In yesterday’s Mail on Sunday, Toby Young writes about his days at Oxford in the 1980s, energized to do so by a new book out later this week by Dafydd Jones. This is entitled Oxford, The Last Hurrah. The US edition will be out early next month. Young begins his essay with a description of the first time he encountered Boris Johnson:
The audience at the Union roared with laughter – and it was laughter of appreciation, not ridicule. There was something so winning about this befuddled yet strangely charismatic 19-year-old that you couldn’t help warming to him. This was the first time I ever set eyes on Boris Johnson. I’d been at Oxford for about a week by then, searching in vain for the Bright Young Things I’d found so appealing in the TV adaptation of Evelyn Waugh’s Brideshead Revisited.
It was watching that ITV series that had made me want to go to Oxford in the first place – there was something irresistible about the Olympian insouciance of the characters. And here at last, performing a comic turn honed to perfection over five years at Eton, was someone who conformed to the Oxford stereotype. Blond, handsome, oozing with confidence and humour, it was as if Boris had sprung, fully formed, from Waugh’s imagination.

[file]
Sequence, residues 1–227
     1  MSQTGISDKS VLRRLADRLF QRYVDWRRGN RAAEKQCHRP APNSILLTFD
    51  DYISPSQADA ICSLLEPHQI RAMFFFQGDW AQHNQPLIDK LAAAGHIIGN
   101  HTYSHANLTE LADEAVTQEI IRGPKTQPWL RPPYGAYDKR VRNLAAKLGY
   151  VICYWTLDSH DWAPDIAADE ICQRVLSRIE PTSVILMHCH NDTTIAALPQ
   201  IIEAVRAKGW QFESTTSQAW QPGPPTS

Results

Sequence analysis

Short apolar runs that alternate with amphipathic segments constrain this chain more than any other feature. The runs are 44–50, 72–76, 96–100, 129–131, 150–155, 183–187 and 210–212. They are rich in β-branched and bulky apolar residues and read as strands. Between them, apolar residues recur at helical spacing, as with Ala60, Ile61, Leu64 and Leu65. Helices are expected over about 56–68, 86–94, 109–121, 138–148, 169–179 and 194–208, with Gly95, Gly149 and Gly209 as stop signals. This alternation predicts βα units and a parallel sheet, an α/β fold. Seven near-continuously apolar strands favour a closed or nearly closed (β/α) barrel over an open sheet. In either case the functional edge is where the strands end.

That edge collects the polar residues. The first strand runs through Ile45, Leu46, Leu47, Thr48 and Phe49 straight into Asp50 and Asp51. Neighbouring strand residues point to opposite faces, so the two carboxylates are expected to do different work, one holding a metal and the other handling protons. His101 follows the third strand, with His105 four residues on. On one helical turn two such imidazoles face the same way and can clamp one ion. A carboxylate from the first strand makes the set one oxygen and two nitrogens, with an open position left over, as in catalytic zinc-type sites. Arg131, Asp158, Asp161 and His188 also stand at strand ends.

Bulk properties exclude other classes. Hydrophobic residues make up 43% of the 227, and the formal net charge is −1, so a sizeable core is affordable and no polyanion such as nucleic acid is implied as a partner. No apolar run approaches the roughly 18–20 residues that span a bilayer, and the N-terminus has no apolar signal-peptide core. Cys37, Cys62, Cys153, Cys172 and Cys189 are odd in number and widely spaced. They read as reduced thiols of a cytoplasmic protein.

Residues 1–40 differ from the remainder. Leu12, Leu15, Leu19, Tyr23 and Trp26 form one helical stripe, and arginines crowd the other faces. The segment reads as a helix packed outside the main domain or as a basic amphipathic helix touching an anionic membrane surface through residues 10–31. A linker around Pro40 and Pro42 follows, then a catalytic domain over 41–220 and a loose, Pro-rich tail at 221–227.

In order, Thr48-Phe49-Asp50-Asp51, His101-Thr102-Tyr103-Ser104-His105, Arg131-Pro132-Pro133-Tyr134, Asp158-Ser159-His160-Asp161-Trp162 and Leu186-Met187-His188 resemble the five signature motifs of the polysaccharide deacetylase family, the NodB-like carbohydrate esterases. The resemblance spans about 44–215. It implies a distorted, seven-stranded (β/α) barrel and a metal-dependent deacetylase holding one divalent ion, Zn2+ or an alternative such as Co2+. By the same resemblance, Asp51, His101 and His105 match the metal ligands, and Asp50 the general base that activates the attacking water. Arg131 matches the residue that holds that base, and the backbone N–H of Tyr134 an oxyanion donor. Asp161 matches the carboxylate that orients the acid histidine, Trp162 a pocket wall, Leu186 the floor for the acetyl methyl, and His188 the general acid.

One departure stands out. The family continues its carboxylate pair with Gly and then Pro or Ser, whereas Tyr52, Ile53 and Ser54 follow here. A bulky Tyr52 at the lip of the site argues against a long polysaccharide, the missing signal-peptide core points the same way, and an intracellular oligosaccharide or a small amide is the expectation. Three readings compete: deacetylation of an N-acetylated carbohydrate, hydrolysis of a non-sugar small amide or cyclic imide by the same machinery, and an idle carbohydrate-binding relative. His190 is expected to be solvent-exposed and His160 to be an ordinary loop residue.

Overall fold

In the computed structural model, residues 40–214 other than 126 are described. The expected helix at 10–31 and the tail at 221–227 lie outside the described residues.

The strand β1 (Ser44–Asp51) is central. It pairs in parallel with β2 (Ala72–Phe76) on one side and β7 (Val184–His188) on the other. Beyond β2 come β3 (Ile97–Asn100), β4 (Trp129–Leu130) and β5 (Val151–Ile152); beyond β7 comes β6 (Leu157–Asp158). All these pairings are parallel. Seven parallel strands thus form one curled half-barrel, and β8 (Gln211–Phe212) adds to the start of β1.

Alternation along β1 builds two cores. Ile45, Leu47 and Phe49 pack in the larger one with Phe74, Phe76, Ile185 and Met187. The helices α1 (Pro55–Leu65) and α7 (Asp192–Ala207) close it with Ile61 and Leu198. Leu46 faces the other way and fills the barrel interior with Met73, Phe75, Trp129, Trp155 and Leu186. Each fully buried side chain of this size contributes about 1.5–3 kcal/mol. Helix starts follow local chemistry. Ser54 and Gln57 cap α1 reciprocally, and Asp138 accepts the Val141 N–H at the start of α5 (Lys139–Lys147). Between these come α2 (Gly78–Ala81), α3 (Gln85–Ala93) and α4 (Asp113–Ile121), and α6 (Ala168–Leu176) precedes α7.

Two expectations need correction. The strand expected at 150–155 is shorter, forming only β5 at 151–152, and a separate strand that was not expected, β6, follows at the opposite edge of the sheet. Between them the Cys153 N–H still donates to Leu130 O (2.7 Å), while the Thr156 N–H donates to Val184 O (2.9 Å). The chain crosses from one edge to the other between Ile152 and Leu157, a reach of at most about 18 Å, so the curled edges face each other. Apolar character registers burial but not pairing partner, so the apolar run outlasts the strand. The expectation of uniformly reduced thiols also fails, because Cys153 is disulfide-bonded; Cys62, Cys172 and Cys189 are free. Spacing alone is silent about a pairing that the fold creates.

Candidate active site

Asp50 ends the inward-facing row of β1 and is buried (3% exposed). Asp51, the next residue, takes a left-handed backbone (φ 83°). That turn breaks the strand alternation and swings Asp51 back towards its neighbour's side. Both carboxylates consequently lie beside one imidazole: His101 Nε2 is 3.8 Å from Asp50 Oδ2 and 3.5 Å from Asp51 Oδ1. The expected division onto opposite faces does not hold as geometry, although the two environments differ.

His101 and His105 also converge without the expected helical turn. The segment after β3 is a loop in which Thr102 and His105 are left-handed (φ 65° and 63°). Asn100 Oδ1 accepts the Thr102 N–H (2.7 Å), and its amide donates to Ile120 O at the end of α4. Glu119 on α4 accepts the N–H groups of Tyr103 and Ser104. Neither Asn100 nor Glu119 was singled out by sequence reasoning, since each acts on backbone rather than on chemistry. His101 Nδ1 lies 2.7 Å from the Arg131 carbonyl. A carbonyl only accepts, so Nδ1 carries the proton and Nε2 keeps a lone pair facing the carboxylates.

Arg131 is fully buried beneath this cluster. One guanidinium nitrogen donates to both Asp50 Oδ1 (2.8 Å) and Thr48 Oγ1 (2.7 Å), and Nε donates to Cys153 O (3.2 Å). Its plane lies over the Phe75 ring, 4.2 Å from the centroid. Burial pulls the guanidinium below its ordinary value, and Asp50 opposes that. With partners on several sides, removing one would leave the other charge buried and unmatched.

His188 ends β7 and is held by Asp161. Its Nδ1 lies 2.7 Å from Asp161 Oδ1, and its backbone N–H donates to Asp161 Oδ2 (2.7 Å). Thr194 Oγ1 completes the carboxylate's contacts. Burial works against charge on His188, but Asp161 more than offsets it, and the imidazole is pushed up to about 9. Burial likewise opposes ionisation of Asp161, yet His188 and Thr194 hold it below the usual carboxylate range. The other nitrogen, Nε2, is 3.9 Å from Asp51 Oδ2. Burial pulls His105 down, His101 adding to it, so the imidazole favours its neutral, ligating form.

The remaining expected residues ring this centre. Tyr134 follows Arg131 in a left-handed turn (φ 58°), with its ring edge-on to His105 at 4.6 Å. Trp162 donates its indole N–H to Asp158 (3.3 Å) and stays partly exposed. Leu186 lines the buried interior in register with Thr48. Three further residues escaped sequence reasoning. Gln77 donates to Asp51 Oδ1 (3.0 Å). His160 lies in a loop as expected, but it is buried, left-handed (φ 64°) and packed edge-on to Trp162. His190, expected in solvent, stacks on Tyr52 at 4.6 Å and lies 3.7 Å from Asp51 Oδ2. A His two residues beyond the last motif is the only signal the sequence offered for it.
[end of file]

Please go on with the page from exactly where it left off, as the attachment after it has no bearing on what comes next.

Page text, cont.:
It was only later that I learned he was the son of a middle-class farmer on Exmoor who was himself the grandson of a Turkish immigrant. After landing at Eton on a scholarship, Boris had set about recreating himself as a cartoon version of a posh public schoolboy […] The number of people pretending to be posher than they were was one of the striking things about Oxford in those days.
Looking like you’d been born with a silver spoon in your mouth hadn’t been fashionable in Britain since Labour won a landslide Election victory in 1945. But for a brief period in the mid-1980s, it was surprisingly cool to be privileged. It’s hard to imagine today, but people from quite ordinary backgrounds would go to parties wearing tailcoats and silk dressing gowns, as if to the manner born. The 1960s gave us hippies and the 1970s gave us punks, both determined to overthrow ‘the system’. The 1980s, by contrast, gave us Sloane Rangers and Young Fogeys, as if a new generation were reacting to the misery of the previous decade by thumbing their noses at the finger-wagging egalitarians.
Young goes on to describe his first encounters with other members of these Bright Younger People such as Hugh Grant, David Cameron and Nigella Lawson. Toward the end, he offers a roll call of the entire decade at Oxford, including BYPs in the years before and after his own Oxford career, some of whom came as a surprise to your correspondent. The story is illustrated with several photographs from the book, which are what it’s all really about. Dafydd Jones seems to have done for this new generation what Cecil Beaton did for his own contemporary BYPs. There are several amusing photos of the people Young describes with evident retrospective enjoyment as well as one of him enjoying himself first hand.